• ZipDialog Roundup for Saturday, August 5

    Articles chosen with care. Your comments welcomed.
    Linked articles in bold purple

    Special Counsel Mueller’s office ask White House for docs on Mike Flynn; doing a full investigation of Flynn’s financial dealings, especially those with Turkey (New York Times)

    Taking money from Turkey or any foreign government is not illegal. But failing to register as a foreign agent is a felony, and trying to hide the source of the money by routing it through a private company or some other entity, and then paying kickbacks to the middleman, could lead to numerous criminal charges, including fraud.

    Prosecutors have also asked during interviews about Mr. Flynn’s speaking engagements for Russian companies, for which he was paid more than $65,000 in 2015, and about his company’s clients — including work it may have done with the Japanese government. –New York Times

    Comment: Besides Flynn’s vulnerability, the thing to note here is that Mueller’s office appears to be illegally leaking confidential investigation materials to the NYT.

    Venezuela’s march toward complete dictatorship continues (New York Times)

    Hugo Chavez’s successors are rewriting the Constitution to give themselves total power.

    Predictably, the economy is collapsing, people are trying to flee, etc.

    Comment: Sean Penn had no comment.

    US proposes even tougher UN sanctions against North Korea (Channel NewsAsia)

    Vote expected Saturday in UN Security Council after a month of negotiations with China. It will be the 7th set of UN sanctions on North Korea.

    The [proposed] measures that include a ban on exports of coal, iron and iron ore, lead and lead ore, as well as seafood by the cash-starved state. . . .

    The draft text would also prevent North Korea from increasing the number of workers it sends abroad, prohibit all new joint ventures and ban new investment in the current joint companies. –Channel NewsAsia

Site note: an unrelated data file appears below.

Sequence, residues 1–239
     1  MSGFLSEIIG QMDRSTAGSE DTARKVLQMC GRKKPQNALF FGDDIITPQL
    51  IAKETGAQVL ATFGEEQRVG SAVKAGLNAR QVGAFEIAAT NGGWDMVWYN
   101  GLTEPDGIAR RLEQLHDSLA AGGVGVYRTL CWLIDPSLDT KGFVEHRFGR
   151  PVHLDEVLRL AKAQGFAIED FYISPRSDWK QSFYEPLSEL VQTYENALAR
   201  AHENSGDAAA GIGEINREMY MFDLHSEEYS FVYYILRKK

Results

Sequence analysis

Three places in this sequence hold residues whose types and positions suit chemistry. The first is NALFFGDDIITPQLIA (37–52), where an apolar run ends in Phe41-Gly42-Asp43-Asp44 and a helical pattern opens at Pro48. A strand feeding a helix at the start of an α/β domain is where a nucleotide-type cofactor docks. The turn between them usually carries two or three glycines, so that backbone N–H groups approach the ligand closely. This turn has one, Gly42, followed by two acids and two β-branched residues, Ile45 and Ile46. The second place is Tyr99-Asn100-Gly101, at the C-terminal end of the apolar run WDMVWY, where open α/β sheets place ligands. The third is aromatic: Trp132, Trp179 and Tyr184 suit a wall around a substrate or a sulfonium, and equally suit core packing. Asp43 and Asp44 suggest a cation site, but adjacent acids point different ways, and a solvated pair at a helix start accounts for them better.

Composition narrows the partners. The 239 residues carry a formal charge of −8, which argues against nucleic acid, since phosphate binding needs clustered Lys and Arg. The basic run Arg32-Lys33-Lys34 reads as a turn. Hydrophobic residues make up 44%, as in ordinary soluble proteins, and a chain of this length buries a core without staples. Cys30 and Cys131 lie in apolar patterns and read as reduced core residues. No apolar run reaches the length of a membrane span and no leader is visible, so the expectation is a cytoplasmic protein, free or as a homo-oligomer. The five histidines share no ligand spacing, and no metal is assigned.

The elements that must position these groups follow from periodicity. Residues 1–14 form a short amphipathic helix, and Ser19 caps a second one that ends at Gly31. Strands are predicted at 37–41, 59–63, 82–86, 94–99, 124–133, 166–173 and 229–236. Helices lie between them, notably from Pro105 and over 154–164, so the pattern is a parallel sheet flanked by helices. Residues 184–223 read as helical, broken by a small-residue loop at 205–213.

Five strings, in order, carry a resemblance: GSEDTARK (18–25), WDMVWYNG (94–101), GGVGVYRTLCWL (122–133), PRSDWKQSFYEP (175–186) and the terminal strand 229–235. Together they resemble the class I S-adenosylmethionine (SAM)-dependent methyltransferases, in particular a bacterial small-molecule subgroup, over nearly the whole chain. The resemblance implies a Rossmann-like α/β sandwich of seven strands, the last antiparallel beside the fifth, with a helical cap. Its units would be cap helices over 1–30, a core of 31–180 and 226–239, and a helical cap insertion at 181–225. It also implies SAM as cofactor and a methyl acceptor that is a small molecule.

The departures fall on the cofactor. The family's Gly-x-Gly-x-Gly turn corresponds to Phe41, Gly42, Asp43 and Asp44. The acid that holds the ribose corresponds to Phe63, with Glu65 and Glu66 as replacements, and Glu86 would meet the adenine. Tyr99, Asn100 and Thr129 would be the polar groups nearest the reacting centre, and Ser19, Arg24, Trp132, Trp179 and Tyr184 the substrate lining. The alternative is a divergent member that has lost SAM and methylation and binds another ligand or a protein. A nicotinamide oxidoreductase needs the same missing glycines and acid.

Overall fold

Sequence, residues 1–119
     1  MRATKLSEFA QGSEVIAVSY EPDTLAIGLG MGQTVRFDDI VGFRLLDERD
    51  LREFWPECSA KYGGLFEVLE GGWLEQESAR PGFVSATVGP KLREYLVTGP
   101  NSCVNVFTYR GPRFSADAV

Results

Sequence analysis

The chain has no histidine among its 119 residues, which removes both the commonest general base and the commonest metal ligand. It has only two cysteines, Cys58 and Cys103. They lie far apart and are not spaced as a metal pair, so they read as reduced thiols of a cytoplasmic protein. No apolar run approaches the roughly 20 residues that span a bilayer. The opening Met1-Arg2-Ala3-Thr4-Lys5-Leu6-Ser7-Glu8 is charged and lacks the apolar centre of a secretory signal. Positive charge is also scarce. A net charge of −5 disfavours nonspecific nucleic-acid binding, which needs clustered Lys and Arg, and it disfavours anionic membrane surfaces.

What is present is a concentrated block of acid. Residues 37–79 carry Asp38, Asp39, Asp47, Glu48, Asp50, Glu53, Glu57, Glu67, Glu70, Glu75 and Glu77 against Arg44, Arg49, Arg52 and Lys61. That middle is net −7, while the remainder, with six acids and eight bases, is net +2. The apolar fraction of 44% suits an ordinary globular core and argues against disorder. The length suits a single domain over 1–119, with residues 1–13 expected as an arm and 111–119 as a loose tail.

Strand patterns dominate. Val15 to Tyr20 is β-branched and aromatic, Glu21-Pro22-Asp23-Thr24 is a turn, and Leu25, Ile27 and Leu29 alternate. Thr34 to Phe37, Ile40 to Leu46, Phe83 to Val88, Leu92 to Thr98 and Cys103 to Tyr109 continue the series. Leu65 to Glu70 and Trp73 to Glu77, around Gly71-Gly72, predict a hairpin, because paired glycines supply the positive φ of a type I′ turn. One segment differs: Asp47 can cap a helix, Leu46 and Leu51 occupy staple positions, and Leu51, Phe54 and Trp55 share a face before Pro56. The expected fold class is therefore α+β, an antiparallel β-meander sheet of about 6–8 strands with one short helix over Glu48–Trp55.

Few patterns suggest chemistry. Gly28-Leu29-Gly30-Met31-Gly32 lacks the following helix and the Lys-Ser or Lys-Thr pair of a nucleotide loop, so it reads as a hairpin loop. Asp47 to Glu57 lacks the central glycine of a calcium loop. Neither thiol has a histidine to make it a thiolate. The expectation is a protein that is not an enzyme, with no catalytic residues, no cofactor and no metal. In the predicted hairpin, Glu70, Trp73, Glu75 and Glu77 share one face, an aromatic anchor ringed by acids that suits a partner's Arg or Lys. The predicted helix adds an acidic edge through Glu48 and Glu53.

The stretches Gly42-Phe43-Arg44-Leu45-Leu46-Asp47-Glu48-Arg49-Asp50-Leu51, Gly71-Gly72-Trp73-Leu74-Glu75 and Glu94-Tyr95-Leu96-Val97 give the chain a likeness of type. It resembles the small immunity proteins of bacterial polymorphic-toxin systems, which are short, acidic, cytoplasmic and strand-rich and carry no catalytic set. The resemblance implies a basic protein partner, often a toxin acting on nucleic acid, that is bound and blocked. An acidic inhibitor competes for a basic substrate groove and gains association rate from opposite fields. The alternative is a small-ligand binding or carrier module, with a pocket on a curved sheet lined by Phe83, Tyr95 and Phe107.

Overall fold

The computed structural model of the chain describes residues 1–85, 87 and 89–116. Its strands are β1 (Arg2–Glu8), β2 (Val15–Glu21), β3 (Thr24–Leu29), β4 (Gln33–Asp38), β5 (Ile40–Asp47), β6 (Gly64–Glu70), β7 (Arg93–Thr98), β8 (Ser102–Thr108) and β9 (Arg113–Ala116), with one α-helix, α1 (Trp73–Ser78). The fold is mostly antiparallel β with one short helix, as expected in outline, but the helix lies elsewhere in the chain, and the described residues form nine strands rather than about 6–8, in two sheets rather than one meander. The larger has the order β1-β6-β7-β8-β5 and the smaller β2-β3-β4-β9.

The proposal would also blacklist the regime’s Foreign Trade Bank but would not prohibit shipments of oil to North Korea.

    Comment: The EU, Japan, and South Korea have supported US efforts.

    My guess: These sanctions will not stop Kim’s pursuit of nuclear-tipped ICBMs.

    House Speaker Paul Ryan “casts doubt on Pres. Trump’s plan to cut legal immigration” (Milwaukee Journal Sentinel)

    To quote Ryan:

    With baby boomers leaving the workforce, we’re still going to have labor shortages in certain areas and that is where a well-reformed legal immigration system should be able to make up the difference. –Paul Ryan interview with Milwaukee Journal Sentinel

    Comment: ZipDialog has noted that the proposal to cut the number of legal immigrants is separable from the proposed new point system, focusing on higher skills and English language. Big business does not want the total numbers cut, and Ryan’s comments suggest those concerns have resonance.

    Nissan workers in Mississippi overwhelmingly reject high-profile unionization bid from United Autoworkers (New York Times)

    In a test of labor’s ability to expand its reach in the South, workers at a Nissan plant in Mississippi have overwhelmingly rejected a bid to unionize.

    Out of roughly 3,500 employees at the Canton-based plant who voted Thursday and Friday, more than 60 percent opposed the union. It was an emphatic coda to a years-long organizing effort underwritten by the United Automobile Workers, which has been repeatedly frustrated in its efforts to organize major auto plants in the region. –New York Times

    Experienced workers make $26 hour there, well above average wages in the state. Detroit wages are a few dollars higher. Nissan’s contributions to employees’ retirement accounts are similar to those of Michigan automakers, according to the NYT.

    Comment: The majority of plant workers are black, and the UAW had contributed heavily to civil-rights organizations as part of the organizing effort.

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  • ZipDialog Roundup for Tuesday, August 1

    Articles chosen with care. Your comments welcomed. Linked articles in bold purple

     Comment: What the Scaramucci ouster shows:

    • The initial appointment was another of Trump’s unforced errors
    • John Kelly has quickly asserted control over White House staff, obviously with Pres. Trump’s blessing
    • The White House desperately needs to assemble a stable, competent communications team (Rumors are that Kellyanne Conway could be the new Communications Director; she would be a good choice.)

    ⇒ More at a separate ZipDialog post here.